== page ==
By David Allison with Ray Richards
Published by the Fleet Air Arm Museum of New Zealand
Available from MOTAT, P.O.Box 44-114, Point Chevalier, Auckland 1022.
Reviewed by Bill Hopper
Fleet Air Arm covers lifted
This is a story that should have been told years ago. As former chief of navy, Rear Admiral David Ledson RNZN (Rtd), says in the foreword: “The contribution made by New Zealand pilots serving at sea in peace and war lies in a dim corner of New Zealand’s military and naval history.”
This is a story that needs be dragged out of the murk and presented to our country with all due fanfare. Ask the average person about the FAA, and the answer is usually, “FAA, what’s that?” Allison is to be commended for lifting the dust covers and
giving us a glimpse of this little known aspect of military aviation.
In the overall scheme of things of World War 2, the 760 New Zealand airmen in the Fleet Air Arm (FAA) were just a drop in the ocean compared with those serving in our other military forces. But they made up 20% of the Royal Navy’s FAA, a great contribution of gallant young seafaring airmen from a small country. Of those, 155 lost their lives, including two, Lt (A) Evan Baxter and Lt (A) John Haberfield, executed by the Japanese at Changi Beach, Singapore in July 1945.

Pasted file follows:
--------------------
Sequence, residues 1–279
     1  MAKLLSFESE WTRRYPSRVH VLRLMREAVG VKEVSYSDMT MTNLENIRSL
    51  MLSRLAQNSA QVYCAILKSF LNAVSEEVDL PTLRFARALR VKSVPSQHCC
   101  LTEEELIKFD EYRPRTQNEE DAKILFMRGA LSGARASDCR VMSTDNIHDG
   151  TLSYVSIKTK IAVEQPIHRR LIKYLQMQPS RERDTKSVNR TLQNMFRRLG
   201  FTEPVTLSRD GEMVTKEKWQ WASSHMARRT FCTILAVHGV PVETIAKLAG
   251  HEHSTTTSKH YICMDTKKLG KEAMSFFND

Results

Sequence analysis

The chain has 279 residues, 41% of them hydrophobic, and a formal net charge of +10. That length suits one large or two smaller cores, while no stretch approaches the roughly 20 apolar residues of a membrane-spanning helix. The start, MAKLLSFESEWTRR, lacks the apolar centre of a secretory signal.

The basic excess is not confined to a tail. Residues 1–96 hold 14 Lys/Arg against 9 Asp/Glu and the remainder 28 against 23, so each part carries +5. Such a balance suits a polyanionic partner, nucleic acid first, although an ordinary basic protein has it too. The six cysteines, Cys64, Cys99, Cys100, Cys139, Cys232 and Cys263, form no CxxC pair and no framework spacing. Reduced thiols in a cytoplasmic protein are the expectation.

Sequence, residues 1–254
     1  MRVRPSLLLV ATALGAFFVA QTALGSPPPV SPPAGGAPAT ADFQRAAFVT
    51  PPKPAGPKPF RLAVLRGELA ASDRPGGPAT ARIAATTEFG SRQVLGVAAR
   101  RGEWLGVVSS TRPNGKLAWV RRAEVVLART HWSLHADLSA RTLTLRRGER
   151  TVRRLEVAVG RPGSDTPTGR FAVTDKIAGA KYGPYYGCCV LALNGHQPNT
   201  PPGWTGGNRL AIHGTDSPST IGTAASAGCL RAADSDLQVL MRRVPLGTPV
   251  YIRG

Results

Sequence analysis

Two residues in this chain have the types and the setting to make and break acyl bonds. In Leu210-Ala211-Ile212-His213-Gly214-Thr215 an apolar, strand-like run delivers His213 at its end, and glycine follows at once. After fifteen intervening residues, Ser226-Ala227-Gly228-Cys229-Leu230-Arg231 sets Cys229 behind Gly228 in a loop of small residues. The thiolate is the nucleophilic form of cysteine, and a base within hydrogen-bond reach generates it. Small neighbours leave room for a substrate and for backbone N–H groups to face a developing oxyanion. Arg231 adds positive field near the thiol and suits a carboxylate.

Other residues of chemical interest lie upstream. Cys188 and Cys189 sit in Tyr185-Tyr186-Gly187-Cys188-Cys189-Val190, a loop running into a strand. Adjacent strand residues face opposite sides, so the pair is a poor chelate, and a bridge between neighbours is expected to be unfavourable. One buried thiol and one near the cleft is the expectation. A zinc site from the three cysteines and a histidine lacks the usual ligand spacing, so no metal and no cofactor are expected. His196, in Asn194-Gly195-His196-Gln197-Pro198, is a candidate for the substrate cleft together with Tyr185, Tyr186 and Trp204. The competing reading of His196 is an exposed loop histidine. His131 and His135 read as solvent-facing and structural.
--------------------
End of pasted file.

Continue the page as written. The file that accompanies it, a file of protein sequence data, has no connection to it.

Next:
The author looks into the FAA’s origins, its predecessor (the Royal Naval Air Service formed in April 1914), and the high-ranking squabbles over whether the young service should be the responsibility of the Royal Navy or the newly established Royal Air Force.
Sixty New Zealanders served in the fledgling RNAS during World War 1 – five died, four on operations and one during training.
In a chapter devoted to prisoners of war, Allison records some of the inhumane treatment suffered by naval airmen at the hands of the Japanese. It makes harrowing reading. In essence, Flying Navy is a memorial. Its roll of honour presents illustrated pen pictures of the 179 New Zealand naval aircrew who made the ultimate sacrifice while serving in the RNAS or the FAA – a large and compassionate piece of personal research.
Allison, himself a FAA pilot during World War 2, has presented an interesting and informative view of an almost unheralded (in New Zealand) arm of naval service. The few pages covering wartime operations just whets your appetite for more. More in-depth reporting of the FAA’s role in the European and Pacific campaigns, more on the dangers and courage needed in flying off and on to carriers to face formidable foes and hazardous seas, would have added much to the narrative. However, Flying Navy is a fine tribute to those brave seagoing aviators whose airfield has been the heaving deck of an aircraft carrier.
All proceeds from the sale of this book go to the Fleet Air Arm Museum of NewZealand, Auckland of which Allison is chairman and curator.